@luckymama64: The "ton of time on her hands" is probably one of the biggest shocks that my kids experienced when going to college. I have a college sophomore and senior now. Like most kids, they lived a highly structured life before college, starting with elementary school, really, with scouting, sports, crafts, etc. When they got to college, it's like everything stopped and there was a huge vacuum. It's probably one of the least talked about aspects of college which is why I think it takes kids by surprise. Of course, they eventually learn to fill the time, hopefully productively, but yeah, It's shocking. Also the lack of bedtime or curfew!

    To bring this post on topic, I guess the kids that fill all the free time with non-productive things are the ones who struggle and fail.
  • ColoradomamaColoradomama Registered User Posts: 875 Member
    We encouraged our kids to socialize, work and find summer jobs, and that really takes time, for a freshman to line up a professional summer job. They need to start that soon, or end up scooping ice cream back home, how embarrassing!

    Freshman can get research experience with REUs, and we asked our kids to "look into it" but did not offer them help.
    They need to learn to fend, so I took a very hands off approach and seemed to work OK. With one kid he got into London School of Economics for a summer semester, without our permission or a plan on how to pay for that, and I had warned him we would not pay for that. He did not believe me until I pulled the funding plug on his plan, with the words "Did you not understand NO when I said it three months ago?" He came home and taught sailing. It was his best summer as he learned responsibility and to like a paycheck. After that we had no issues with him finding summer work.

    College kids need to socialize, as part of their learning, away from mom and dad, to find themselves. I see nothing wrong with dropping out of college to work. I do not see that as a failure, but agree there is some kids running out of money, because they had no financial plan to start.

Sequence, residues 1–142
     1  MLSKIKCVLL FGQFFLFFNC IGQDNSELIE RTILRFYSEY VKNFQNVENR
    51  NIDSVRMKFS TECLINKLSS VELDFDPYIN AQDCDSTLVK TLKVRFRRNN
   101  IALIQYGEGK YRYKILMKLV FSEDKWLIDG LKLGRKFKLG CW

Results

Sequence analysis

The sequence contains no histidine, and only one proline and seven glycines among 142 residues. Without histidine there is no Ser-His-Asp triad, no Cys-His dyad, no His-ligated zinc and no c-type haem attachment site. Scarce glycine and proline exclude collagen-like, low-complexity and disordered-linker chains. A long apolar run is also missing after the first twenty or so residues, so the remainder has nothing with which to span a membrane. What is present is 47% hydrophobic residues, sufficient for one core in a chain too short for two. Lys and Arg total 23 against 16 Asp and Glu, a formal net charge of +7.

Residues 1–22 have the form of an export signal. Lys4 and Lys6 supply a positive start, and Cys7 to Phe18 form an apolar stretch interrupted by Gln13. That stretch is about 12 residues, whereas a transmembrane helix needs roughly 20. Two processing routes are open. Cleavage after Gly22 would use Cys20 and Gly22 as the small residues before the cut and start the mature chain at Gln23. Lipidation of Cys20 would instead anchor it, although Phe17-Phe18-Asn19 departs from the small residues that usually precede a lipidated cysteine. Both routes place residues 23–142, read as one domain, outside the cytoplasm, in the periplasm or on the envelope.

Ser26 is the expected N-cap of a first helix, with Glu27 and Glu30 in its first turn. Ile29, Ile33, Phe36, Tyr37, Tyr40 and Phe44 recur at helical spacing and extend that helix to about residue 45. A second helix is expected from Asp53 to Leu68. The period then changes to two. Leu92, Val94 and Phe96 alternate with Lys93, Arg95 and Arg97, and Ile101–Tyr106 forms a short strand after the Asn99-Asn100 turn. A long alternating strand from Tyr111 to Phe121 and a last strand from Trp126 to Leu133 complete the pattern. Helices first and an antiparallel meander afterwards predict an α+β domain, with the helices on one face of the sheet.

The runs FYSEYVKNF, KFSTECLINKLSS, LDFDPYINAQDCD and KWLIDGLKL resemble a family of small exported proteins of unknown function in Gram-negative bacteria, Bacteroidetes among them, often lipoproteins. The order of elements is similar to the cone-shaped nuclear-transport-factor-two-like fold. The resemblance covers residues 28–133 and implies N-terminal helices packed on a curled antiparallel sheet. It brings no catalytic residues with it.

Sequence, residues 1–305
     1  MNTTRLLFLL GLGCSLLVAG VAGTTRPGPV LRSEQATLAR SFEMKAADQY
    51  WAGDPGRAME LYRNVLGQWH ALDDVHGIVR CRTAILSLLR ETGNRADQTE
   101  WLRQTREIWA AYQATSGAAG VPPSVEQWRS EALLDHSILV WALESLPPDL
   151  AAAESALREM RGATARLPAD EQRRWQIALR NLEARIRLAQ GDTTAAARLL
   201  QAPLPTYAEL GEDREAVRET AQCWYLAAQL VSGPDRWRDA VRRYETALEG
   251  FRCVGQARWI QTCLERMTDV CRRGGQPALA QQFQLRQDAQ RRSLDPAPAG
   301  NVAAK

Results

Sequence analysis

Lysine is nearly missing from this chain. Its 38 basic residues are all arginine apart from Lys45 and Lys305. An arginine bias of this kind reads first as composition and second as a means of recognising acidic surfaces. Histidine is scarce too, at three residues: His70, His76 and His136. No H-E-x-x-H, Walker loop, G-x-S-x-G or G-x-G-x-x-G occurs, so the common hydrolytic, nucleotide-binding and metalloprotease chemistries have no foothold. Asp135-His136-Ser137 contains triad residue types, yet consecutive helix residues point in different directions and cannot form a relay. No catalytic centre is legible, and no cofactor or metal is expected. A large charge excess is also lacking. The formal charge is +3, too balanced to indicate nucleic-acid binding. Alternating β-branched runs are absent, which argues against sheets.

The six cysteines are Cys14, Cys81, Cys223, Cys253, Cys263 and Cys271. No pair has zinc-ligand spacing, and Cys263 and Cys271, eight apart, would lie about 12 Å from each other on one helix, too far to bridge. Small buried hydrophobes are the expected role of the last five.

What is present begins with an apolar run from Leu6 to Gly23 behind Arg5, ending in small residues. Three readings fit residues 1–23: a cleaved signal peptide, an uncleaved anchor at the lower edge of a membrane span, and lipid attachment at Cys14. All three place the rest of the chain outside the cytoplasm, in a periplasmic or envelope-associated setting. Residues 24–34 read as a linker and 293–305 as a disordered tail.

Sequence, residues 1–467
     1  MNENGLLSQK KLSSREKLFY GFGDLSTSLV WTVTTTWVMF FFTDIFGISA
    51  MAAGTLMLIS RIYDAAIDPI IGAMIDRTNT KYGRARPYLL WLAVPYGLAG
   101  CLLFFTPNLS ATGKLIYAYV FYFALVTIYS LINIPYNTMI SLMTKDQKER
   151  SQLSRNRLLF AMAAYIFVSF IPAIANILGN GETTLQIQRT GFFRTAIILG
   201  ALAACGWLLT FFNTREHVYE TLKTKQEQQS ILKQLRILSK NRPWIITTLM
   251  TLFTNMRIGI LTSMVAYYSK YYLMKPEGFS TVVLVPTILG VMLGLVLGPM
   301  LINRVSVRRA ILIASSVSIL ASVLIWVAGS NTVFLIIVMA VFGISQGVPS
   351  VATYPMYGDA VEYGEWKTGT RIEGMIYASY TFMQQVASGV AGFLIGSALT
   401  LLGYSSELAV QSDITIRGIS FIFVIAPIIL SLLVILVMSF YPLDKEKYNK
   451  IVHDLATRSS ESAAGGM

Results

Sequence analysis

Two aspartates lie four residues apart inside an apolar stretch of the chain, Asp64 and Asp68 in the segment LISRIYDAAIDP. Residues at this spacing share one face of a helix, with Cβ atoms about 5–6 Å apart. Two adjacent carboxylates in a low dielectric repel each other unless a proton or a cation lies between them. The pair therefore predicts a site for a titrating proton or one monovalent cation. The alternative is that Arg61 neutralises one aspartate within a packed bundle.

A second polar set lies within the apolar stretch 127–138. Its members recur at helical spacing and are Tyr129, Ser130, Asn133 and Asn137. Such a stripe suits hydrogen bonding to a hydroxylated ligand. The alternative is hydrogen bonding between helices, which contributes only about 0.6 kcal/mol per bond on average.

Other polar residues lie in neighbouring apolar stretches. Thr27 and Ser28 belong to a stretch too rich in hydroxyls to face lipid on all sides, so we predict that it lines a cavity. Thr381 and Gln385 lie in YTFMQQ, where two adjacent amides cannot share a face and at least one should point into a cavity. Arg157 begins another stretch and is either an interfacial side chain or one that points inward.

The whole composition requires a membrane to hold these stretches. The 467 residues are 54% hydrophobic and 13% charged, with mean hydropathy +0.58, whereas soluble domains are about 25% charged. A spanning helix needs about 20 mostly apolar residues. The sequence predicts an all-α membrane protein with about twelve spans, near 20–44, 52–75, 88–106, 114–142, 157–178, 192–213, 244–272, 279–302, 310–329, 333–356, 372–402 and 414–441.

• GTAustinGTAustin Registered User Posts: 778 Member
    With both of my kids and their friends, the freshman advisor's have not been helpful with the "too much time on your hands" problem. They have restricted the number of hours that they can take to 15 and one was as low as 12. After the first semester, my kids never took less than 18 and had no problem handling the load. They came from a background that kept them very busy and they knew how to plan and schedule their time.
  • mackinawmackinaw Registered User Posts: 2,600 Senior Member
    I'm going to add another concern: health. Students heading to college are usually going to a new environment, making choices in how they spend their day, what foods to eat (from increasingly broad menus on campuses), whether to exercise systematically, what to drink, when and how much to sleep (not to mention: with whom!?). My daughter came down with mono after her first week in college! That slowed her down enough so that she had to postpone a major class until summer.

    I've also written before on this forum about time management. College students, unlike high school students, aren't taking classes from 8 til 3. They typically have fewer hours in class per day than in high school. But there are 168 hours in a week (24x7). Students need a plan of some kind, in particular what to do between classes. They should indeed (as someone else mentioned) have a daily/weekly planner. They should indeed schedule their time to read and recreate during the day -- not leaving all "homework" til evenings and weekends. They should get some physical exercise. And they should get a good amount of sleep.
  • dustypigdustypig Registered User Posts: 885 Member
    I think @DunBoyer is right about running out of money, and also those who speculated that maybe a lot of those students were people for whom college was not the right path in the first place (or who simply weren't ready to go away to college yet).

    I seriously doubt that tons of students are dropping out in their freshman year because having a suite with their own bathroom has made them lonely.
  • t2b2cct2b2cc Registered User Posts: 1 New Member
    The University of Texas at Dallas has the poshest dorms, private bedrooms within a suite shared by 3 with lounge, shower, microwave, and mini-fridge.